## The history of the rainbow

The rainbow actually consists of two rainbows, the primary and the secondary. Between the bows, the sky is darker than otherwise. This area is called Alexander's dark band after Alexander of Aphrodisias (A.D. 200), who was the first to describe the dark area.

The first to really try to describe the rainbow was Aristotle. He presumed that the rainbow was caused by reflection of sunlight in the clouds. The light was reflected at a certain angle. That means the rainbow consists of a cone of rays. Aristotle was thus the first to explain the rainbow's circular shape and that the rainbow is not located at a definite place on the sky, but is seen in a certain direction.

Roger Bacon measured the angle of the rainbow cone as 42° in 1266 (the secondary rainbow is 8° higher on the sky). In 1304 the German monk Theodoric of Freiberg proposed the hypothesis that each raindrop in the cloud makes its own rainbow. He verified his hypothesis by observing the diffraction of sunlight in a circular bottle. Notice that Aristotle believed that the rainbow originated from the entire cloud. Theodoric's results remained unknown for three centuries, until Descartes (in 1656) rediscovers diffraction in the drop. Both Theodoric and Descartes knew that the rainbow consisted of 2 bows. In the primary rainbow, the rays are reflected once within the drop, in the secondary rainbow, the rays are reflected twice within the drop. Furthermore, they noticed that only one color is seen when looking at the drop (the bottle) in a given direction. From this they concluded that the colors of the rainbow arrive (in the eye) from different drops in the cloud. Those were the principal ideas of the rainbow.

A more thorough study of the ray's traveling through the drop requires knowledge of the laws of reflection and refraction. The law of reflection is easy to »comprehend«, whereas the law of refraction takes knowledge of the velocity of light in different materials. The law of refraction is due to the Dutchman Willibrord Snell (1621).

The rainbow's most spectacular aspect is naturally its colors. They were explained by Newton. In 1666 Newton showed that white light being refracted in a prism is split up in colors. The color scattering results from the fact that the index of refraction is dependent on the wavelength (the color). Each color in the sunlight thus has its own rainbow. What we see is a collection of rainbows, each slightly displaced from to the rest. Newton worked out the angle of the red rainbow, 42° 2' and for the violet rainbow, 40° 17'. This gives a rainbow of 1° 45'. This would have been the width of the rainbow if the sunlight were parallel, but it isn't; the sun disk has a diameter of half a degree. Newton concluded that the width of the rainbow should be 2 degrees and 15 minutes (which agreed nicely with Newton's own measurements).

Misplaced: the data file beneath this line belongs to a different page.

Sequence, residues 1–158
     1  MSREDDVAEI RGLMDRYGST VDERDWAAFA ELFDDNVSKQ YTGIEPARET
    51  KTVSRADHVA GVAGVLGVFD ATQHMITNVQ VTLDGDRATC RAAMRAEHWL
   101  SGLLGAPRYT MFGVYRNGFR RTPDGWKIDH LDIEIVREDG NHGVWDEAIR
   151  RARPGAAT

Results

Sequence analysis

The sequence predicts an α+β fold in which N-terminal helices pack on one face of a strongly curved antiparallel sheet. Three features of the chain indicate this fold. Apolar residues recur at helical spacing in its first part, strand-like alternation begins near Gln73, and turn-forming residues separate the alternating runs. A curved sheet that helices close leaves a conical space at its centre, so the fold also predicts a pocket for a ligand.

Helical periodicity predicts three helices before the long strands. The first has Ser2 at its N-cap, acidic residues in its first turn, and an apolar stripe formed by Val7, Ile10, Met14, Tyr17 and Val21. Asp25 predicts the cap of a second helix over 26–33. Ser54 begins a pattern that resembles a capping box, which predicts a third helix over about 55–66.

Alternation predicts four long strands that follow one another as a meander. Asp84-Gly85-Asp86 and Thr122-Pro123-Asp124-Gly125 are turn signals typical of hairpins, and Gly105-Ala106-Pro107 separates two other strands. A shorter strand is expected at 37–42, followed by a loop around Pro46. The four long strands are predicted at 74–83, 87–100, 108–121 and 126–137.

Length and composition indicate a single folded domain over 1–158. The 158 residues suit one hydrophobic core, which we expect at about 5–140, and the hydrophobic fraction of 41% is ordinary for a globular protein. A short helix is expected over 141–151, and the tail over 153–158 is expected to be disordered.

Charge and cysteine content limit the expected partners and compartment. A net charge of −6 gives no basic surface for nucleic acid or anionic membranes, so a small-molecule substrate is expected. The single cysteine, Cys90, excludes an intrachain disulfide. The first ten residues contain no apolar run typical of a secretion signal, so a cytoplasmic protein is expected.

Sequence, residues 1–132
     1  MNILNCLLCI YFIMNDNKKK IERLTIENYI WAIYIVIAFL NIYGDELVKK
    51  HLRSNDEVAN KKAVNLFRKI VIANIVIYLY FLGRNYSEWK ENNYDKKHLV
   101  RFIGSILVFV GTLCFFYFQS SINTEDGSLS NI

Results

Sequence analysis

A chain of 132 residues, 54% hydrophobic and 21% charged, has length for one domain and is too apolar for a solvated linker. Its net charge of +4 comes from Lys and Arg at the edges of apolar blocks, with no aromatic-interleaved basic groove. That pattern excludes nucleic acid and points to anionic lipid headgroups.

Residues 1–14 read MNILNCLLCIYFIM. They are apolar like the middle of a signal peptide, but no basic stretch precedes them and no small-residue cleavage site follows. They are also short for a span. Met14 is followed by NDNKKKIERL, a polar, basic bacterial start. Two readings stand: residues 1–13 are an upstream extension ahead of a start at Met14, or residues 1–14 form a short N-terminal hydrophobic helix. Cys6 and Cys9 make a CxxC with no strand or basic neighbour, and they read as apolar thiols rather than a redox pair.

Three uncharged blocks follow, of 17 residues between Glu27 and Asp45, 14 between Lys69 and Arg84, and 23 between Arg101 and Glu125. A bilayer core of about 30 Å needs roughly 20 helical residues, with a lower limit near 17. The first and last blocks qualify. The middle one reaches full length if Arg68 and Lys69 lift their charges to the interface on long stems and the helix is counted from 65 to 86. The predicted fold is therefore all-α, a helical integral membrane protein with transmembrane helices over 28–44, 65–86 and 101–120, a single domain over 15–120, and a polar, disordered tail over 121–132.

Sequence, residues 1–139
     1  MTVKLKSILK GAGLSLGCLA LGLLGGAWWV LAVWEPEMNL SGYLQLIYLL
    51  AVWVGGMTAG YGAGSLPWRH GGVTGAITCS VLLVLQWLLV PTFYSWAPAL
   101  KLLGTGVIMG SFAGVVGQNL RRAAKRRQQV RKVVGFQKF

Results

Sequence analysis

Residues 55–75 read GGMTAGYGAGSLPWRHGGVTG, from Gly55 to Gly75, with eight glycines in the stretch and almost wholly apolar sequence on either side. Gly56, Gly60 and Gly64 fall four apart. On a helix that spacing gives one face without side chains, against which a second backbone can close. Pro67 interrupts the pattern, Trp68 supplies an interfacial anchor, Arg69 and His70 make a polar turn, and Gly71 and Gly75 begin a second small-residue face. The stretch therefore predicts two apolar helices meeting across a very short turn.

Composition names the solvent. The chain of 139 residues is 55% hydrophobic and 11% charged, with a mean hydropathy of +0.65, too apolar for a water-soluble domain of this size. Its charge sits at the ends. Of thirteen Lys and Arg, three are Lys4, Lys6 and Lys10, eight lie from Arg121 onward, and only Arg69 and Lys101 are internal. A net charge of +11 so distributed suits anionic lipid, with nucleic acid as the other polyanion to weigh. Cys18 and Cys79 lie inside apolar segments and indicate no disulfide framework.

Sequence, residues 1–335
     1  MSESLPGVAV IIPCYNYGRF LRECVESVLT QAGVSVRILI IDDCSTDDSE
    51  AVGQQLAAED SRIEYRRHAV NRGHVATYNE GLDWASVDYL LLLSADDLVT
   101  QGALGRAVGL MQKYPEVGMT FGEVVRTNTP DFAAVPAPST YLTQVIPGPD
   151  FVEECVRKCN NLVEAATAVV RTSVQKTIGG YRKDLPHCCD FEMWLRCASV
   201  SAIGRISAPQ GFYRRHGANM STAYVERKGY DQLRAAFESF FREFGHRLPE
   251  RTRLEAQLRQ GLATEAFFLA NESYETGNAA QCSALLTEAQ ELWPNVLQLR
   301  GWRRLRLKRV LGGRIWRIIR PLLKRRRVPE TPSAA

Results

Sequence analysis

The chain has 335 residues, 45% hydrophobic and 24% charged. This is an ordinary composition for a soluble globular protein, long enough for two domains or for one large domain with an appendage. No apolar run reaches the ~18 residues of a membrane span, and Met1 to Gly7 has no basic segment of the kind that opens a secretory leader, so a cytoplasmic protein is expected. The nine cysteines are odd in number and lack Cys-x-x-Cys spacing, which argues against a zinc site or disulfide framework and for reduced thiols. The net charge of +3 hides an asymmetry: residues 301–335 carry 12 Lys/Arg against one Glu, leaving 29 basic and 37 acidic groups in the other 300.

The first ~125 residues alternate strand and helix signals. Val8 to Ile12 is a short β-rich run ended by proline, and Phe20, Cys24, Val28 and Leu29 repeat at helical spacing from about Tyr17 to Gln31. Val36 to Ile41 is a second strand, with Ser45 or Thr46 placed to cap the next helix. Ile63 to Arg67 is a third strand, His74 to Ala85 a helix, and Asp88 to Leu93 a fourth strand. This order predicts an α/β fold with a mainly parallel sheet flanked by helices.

Notice that this does not mean that the colors of the rainbow are pure colors (spectral colors). They're actually not! Indeed, raindrops are not prism-shaped. The factual colors of the rainbow are a sum of colors (we will look at that in the program).

The rainbow even contains some supernumerary arcs (mainly red and green bands within the primary rainbow). Newton's theory could not explain these supernumerary arcs. In 1803, Thomas Young showed that the waves from two wave sources (e.g. two holes in a pier in a bowl of water) creates alternating light and darkness. In other words, in some directions the light interferes constructively, in other directions it interferes destructively. Young himself pointed out that the supernumerary arcs could be caused by constructive and destructive interference of sunrays which have traveled different ways through the raindrop, so the distances traveled can turn out to be an odd number of half wavelengths (darkness) or an even number of wavelengths (light).

Notice that the distance traveled by the light depends on the drop's size. Therefore, the drops must have the same size to make it possible to see the supernumerary arcs. Most commonly, this happens at the top of the rainbow. Raindrops commonly grow as they fall which results in drops of various sizes near the ground.

The light of the rainbow is almost 100% polarized which can be seen with a pair of polaroid glasses. The polarization is due to the fact that the angle of refraction in the drop is very close to Brewster's angle (David Brewster 1815). Therefore, most light of parallel polarization disappears out of the drop at the first reflection (and refraction) within the drop.